CONGRESSIONAL reaction to the Supreme Court's decision banning the legislative veto has been characterized by a lot more heat than light. At first blush, many legislators seem to believe they have been stripped of all power and that the nation will be governed "by the tyranny of the bureaucracy." One member of the House even lamented that henceforth Congress would have no say in deciding important national policy questions. How justified are these fears?
Let us begin by emphasizing that it is Congress that makes the rules in this country--and controls the purse strings as well. The executive branch simply carries out those directives. For 50 years or so, Congress has used the legislative veto--a process by which one or both houses overturns an executive branch decision without enacting a law--because it has been a convenient way to control those executive decisions. Certainly it has been more convenient than using the procedures set out in Article I of the Constitution, which requires that both houses approve a law and that the president sign it or that his veto be overridden by a two-thirds vote of each house. But convenience is not to be equated with power, and, as one government attorney said after the decision was announced: "In a battle for power, Congress will always win."
Highway safety regulations can be used to illustrate the options that Congress still retains. The secretary of transportation is authorized to promulgate regulations for programs to reduce accidents, injuries and deaths on the highway. Until Thursday's decision, these regulations--mandating air bags, for example-- could be vetoed by a single house of Congress. Auto makers who opposed the regulations simply had to convince a majority of the senators or House members present on any given day to overturn them. This legislative veto can no longer be employed, but the basic authorizing legislation remains in place, including the provision requiring that proposed regulations be submitted to Congress for review. Even without the power to exercise a one-house veto, Congress still has alternatives for controlling the executive. (Note, incidentally, that an attempt by the administration to scuttle air bag rules was vetoed yesterday--by the Supreme Court).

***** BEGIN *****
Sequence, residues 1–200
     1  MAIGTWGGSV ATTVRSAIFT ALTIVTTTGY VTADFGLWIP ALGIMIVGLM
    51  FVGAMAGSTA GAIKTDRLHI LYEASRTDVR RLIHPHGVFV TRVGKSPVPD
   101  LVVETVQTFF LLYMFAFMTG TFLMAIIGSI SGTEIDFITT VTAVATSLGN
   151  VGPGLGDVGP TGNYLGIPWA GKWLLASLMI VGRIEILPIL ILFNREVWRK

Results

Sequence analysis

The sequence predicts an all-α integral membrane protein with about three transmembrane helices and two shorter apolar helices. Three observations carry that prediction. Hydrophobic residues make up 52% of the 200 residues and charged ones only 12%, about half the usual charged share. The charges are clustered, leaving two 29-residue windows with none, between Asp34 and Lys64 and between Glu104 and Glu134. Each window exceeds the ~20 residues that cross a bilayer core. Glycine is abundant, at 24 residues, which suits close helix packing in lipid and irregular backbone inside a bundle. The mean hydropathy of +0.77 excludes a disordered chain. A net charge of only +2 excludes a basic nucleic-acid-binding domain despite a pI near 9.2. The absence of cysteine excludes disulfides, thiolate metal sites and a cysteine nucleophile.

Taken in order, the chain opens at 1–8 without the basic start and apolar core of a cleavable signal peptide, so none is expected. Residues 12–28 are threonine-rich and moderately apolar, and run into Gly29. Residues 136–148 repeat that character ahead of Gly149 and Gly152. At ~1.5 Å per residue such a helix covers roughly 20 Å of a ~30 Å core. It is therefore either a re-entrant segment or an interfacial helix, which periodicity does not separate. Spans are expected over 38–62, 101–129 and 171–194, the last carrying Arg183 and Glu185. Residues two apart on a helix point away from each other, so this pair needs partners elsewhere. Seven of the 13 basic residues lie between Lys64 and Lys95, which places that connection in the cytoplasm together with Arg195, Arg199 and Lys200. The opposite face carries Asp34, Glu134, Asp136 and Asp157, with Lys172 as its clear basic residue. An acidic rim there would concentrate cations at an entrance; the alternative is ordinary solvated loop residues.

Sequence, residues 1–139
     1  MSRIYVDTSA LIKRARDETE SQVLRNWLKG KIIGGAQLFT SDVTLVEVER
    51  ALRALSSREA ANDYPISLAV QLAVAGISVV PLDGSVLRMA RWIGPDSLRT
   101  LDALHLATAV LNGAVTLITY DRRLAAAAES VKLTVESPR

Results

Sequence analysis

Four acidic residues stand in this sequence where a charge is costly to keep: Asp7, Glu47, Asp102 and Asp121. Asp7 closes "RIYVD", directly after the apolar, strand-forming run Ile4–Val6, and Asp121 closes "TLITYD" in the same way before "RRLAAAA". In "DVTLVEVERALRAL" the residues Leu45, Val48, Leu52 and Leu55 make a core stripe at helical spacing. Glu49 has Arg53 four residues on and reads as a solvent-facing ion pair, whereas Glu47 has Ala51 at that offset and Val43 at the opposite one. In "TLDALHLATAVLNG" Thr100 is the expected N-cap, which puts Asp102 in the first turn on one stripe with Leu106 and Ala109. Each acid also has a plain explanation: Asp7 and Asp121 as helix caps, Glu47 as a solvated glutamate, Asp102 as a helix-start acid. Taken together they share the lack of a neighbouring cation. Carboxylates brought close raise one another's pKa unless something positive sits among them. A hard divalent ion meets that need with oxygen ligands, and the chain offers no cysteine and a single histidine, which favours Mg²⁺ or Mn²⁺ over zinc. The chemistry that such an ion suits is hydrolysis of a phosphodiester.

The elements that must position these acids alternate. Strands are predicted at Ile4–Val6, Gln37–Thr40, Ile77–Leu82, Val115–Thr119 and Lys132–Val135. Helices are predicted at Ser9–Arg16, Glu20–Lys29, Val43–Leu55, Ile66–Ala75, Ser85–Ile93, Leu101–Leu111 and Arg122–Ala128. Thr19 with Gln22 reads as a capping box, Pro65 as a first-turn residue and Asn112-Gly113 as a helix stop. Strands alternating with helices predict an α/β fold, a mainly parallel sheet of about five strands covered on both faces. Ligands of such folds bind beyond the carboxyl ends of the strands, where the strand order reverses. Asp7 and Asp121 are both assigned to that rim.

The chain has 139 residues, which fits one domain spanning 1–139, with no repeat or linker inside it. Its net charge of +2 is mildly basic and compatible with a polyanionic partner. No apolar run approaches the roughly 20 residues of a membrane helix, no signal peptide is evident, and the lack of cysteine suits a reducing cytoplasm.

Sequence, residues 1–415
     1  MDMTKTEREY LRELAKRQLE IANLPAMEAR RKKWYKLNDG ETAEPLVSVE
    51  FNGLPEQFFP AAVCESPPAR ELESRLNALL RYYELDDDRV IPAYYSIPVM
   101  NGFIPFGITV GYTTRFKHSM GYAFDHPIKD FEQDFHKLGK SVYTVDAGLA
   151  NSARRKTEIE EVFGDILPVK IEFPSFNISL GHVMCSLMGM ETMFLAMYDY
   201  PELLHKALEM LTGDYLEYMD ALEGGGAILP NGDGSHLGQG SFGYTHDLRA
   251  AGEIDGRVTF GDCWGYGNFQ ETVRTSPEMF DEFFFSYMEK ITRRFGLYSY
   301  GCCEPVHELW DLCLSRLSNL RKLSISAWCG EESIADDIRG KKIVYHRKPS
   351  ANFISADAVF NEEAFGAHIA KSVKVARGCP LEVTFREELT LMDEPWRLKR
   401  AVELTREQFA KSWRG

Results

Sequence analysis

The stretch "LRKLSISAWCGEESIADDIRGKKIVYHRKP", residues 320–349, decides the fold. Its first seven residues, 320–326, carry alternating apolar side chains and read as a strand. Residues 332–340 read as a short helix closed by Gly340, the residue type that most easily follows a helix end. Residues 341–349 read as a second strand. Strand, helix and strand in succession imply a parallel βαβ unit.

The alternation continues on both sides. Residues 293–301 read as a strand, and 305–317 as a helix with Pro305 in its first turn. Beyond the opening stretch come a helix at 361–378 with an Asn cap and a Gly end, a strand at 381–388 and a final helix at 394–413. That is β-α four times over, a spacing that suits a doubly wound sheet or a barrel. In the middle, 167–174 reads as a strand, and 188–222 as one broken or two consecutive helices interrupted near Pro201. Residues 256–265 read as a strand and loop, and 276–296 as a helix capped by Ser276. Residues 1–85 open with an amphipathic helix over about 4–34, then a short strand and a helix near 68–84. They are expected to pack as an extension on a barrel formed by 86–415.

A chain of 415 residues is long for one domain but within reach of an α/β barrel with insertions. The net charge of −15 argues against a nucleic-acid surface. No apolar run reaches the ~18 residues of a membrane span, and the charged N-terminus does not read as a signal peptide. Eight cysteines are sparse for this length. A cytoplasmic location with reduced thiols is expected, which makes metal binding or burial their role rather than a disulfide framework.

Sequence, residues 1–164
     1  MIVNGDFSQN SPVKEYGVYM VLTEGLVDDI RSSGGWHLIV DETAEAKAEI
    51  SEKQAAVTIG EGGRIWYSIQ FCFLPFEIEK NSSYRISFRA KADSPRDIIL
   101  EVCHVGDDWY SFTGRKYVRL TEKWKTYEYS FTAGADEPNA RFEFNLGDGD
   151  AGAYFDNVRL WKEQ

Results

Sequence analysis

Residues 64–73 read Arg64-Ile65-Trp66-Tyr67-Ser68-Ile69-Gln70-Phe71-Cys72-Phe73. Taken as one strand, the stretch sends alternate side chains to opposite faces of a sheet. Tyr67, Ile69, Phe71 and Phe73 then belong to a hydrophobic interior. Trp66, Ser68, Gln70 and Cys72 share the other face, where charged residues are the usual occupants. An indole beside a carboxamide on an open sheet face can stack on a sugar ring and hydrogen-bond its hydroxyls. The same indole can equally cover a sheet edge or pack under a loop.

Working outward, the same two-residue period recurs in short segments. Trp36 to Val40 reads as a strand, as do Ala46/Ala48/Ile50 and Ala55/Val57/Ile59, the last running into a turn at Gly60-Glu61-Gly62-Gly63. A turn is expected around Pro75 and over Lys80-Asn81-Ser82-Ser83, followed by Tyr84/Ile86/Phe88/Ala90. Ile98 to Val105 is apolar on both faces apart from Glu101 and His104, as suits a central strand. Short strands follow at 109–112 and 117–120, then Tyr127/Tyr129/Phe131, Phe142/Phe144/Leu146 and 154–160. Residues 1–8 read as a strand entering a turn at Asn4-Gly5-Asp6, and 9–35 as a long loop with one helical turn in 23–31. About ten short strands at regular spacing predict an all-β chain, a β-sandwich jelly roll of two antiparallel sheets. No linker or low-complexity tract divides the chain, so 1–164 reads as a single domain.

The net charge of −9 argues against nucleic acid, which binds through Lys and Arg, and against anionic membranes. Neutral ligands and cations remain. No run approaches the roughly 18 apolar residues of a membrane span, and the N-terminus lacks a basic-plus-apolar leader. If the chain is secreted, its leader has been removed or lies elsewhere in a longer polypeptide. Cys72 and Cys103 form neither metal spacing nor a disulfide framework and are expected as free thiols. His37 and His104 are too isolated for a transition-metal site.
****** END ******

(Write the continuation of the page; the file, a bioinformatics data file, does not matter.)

A statute can be passed prohibiting DOT from requiring air bags. The statute authorizing highway safety regulation can be repealed or amended. A rider can be attached to the department's appropriation bill prohibiting the expenditure of money to enforce any air bag regulation. A law can be passed requiring that no proposed DOT regulations go into effect unless affirmatively enacted as law by the Congress. Sunset provisions can be added to the authorizing legislation. Congress or either house can pass a resolution expressing disapproval of the regulations. While such a resolution would not have the effect of law, can anyone who has lived in this city more than two weeks doubt its political effect on an administration that must come before Congress on a daily basis? Oversight hearings often have a similarly intimidating effect. The agency within DOT issuing the regulations can be abolished or restrained by statute. Appointments requiring Senate confirmation can be held up.
Does all this add up to the picture of an impotent Congress? Obviously not.